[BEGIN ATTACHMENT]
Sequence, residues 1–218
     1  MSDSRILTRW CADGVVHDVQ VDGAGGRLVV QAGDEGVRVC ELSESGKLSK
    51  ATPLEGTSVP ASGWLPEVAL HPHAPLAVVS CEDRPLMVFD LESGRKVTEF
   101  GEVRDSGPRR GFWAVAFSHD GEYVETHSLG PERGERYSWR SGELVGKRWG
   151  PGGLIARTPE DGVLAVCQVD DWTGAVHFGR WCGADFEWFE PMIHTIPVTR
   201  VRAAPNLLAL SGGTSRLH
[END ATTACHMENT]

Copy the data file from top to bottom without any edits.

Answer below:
Sequence, residues 1–218
     1  MSDSRILTRW CADGVVHDVQ VDGAGGRLVV QAGDEGVRVC ELSESGKLSK
    51  ATPLEGTSVP ASGWLPEVAL HPHAPLAVVS CEDRPLMVFD LESGRKVTEF
   101  GEVRDSGPRR GFWAVAFSHD GEYVETHSLG PERGERYSWR SGELVGKRWG
   151  PGGLIARTPE DGVLAVCQVD DWTGAVHFGR WCGADFEWFE PMIHTIPVTR
   201  VRAAPNLLAL SGGTSRLH